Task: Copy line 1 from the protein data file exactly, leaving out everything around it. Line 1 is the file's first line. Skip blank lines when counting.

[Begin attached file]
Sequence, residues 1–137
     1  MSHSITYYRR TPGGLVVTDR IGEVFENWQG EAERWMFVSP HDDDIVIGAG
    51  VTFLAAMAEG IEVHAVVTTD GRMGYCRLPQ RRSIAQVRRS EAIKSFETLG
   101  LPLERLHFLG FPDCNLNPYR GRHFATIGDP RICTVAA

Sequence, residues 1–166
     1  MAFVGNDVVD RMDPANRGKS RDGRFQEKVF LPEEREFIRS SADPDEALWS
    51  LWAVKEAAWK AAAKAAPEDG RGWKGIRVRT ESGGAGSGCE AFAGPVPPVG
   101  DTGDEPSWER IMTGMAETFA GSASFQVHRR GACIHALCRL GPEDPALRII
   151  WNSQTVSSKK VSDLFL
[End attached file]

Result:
Sequence, residues 1–137